Professional, Originally Released On Cassette Only
Game Type : Utilities; Master The Art of SOUND and GRAPHICS
Author : Unknown
Standalone Release(s) : 1983: ELECTRON AID, Dynabyte, £6.95
Compilation Release(s) : None
Stated compatibility : Electron
Actual compatibility : Electron, BBC B, B+ and Master 128
Supplier : DYNABYTE, 31 Topcliffe Mews, Wide Lane, Morley, LEEDS
Disc compatibility : ADFS 1D00, CDFS 1D00, DFS 1D00
"The ELECTRON AID package is an extremely useful and powerful two program utility which simplifies some of the more difficult aspects of programming the Acorn Electron. The programs come complete with comprehensive documentation and a user key strip.
CHARACTER - Easily defines/edits large multi coloured characters.
SOUNDLAB - Make full use of your computer's sound and envelope commands."
Enables you to define and edit multicoloured characters in blocks of up to 8 x 3 (max. 128 characters) using up to three chosen foreground colours and one background colour. Characters previously loaded into memory can also be recalled and edited. VDU23 statements are automatically generated and can be saved for later use. The program also shows your character as it would actually appear on the screen making it possible to achieve the desired results.
Clearly displays all parameters for up to 7 envelope and 15 sound commands simultaneously as desired. Envelope pitch parameters can be easily altered EVEN when envelopes are in use allowing changes to be heard as you make them. Envelopes already defined by another program can be read out of RAM and played or fine tuned to your own requirements. Soundlab fully supports all the Electron's sound commands and will help you to achieve just the sound effect you want.
The required program is run from an index by typing CHAIN"INDEX". Alternatively, any one program can be CHAINed individually.
Instructions' Source : ELECTRON AID (Dynabyte) Inner Inlay
Review (Electron User)
This super utility program actually contains a suite of two very helpful and easy-to-use facilities for the Electron. The loading program presents the user with the option to select Character or Soundlab. The first allows the user to define up to 128 different characters (if PAGE is reset as appropriate), while the second encourages constructive use of sound ENVELOPES with various SOUND statements. Neither, of course, allows the user to do anything that cannot be done anyway with help from the User Guide, but these utilities are extremely user-friendly.
On selecting Character the user replies to various screen prompts in order to select Mode (all available), and foreground and background colours. Once this is selected the option to start from scratch, or whether to redefine an existing shape, is offered.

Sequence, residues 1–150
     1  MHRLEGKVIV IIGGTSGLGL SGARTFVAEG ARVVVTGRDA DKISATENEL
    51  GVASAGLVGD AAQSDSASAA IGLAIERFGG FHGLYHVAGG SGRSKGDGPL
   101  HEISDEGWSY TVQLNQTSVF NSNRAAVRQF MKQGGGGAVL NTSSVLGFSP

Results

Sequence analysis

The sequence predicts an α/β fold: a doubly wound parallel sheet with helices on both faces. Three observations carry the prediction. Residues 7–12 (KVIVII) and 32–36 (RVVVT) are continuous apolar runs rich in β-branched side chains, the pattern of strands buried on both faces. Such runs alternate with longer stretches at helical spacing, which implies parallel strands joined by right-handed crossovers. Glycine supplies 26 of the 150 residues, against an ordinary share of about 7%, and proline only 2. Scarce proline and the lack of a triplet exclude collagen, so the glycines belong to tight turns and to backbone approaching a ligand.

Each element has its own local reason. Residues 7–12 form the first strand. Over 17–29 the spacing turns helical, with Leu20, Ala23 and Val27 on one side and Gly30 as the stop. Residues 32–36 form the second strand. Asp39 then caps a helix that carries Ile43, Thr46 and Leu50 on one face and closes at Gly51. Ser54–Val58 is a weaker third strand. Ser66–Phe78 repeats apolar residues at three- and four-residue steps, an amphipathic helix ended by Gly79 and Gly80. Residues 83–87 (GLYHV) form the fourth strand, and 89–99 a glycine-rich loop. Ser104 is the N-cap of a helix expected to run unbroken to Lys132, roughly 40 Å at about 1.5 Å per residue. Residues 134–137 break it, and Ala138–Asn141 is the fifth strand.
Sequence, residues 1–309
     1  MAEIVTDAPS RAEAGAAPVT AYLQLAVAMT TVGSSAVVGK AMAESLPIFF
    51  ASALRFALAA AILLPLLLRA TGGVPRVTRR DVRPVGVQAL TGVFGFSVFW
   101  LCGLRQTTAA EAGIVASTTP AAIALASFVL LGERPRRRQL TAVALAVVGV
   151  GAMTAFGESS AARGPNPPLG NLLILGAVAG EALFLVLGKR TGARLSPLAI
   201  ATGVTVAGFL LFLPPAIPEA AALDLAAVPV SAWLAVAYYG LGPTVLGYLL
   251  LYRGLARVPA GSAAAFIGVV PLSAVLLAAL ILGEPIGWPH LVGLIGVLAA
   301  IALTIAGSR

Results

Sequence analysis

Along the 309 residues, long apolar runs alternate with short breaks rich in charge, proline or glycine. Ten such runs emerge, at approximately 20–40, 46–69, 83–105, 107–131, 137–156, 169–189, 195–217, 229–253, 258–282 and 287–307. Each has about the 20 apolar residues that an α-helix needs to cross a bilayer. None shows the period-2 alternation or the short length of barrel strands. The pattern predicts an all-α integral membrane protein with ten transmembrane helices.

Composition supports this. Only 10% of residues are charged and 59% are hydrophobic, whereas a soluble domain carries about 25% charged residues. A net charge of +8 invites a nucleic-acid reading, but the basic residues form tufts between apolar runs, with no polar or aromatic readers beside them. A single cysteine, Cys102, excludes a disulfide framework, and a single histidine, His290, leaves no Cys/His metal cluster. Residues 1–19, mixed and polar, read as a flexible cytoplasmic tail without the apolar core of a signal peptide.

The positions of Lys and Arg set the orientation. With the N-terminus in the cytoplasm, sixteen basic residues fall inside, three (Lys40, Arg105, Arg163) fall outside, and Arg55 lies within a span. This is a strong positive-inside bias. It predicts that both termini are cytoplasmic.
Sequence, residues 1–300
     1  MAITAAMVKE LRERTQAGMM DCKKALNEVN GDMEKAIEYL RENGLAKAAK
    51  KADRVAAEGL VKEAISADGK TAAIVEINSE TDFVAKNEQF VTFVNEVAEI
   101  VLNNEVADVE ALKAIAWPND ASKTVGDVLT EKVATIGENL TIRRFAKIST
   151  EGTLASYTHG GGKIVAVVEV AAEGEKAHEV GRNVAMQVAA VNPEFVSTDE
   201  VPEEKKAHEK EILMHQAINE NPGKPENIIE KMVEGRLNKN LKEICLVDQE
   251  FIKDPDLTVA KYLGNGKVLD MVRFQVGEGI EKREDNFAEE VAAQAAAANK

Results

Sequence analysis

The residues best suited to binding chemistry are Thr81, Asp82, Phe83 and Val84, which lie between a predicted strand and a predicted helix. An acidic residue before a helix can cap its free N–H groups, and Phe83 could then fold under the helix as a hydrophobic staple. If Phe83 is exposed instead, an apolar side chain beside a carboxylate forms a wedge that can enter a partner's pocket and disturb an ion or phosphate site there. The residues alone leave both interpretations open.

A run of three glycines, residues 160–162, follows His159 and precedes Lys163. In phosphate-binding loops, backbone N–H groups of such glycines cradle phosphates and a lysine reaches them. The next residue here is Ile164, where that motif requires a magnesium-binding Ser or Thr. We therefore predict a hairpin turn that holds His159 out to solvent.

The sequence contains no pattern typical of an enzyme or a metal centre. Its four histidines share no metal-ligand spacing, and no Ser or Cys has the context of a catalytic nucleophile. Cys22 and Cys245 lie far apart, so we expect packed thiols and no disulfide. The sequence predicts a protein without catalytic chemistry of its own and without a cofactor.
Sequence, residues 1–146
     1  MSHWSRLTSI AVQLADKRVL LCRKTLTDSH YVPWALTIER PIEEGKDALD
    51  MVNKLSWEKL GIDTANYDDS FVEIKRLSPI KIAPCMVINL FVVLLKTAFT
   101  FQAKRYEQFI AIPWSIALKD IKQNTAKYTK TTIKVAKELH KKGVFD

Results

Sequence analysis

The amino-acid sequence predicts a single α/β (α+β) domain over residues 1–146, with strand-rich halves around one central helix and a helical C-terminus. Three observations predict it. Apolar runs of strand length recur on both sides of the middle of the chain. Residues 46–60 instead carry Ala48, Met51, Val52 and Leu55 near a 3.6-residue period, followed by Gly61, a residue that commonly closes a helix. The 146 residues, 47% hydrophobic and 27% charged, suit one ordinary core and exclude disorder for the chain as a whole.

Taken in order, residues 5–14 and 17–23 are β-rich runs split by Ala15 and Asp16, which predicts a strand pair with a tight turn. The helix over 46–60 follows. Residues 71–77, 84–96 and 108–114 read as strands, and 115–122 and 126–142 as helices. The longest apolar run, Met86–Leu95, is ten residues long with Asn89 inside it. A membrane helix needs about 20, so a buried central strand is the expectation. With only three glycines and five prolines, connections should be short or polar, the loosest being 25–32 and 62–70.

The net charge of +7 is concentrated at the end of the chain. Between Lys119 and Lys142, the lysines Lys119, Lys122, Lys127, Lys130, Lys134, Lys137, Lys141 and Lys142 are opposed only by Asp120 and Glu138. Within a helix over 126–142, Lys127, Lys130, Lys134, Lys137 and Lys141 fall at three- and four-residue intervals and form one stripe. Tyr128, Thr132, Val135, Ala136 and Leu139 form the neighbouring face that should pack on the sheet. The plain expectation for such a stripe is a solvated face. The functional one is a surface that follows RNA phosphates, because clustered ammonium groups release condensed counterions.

One way in which this may be of considerable use is animation. A figure may be defined as one ASCII character and then copied to a second. The second can then be edited to allow the slight changes necessary for smooth animation. Both versions of the shape thus remain available for recall.
Single key entry is provided, with the number keys controlling the various colours, editing and so on. Key 8 will even list on screen the VDU23 lines, which can then be copied for future use.
A similar approach has been used in Soundlab, with a very fun approach to that bewildering world of envelopes. There are pre-set ENVELOPES - up to seven can be programmed - and up to fifteen sound commands may also be accessed. They are easily tested, using single key again, or edited by use of the number keys and cursor control. The sound controls are shown on screen in the format &FC, A, P, D while the ENVELOPE is shown, although not those numbers which are merely there for BBC compatibility.
Any ENVELOPE may be paired with any SOUND statement to gain an insight into the possibilities. In addition the whole range of SOUND commands can be played one after the other, which in my case always sounded pretty ghastly. Again, no more is gained than can be learned from the User Guide, but the program does all the work for you and shows you your current pieces on screen. The listings of any good sounds produced may be obtained for future use.
I found this to be a fascinating program to work with, but I must warn you that it soon becomes almost as addictive as your favourite games.
Phil Tayler, ELECTRON USER 1.11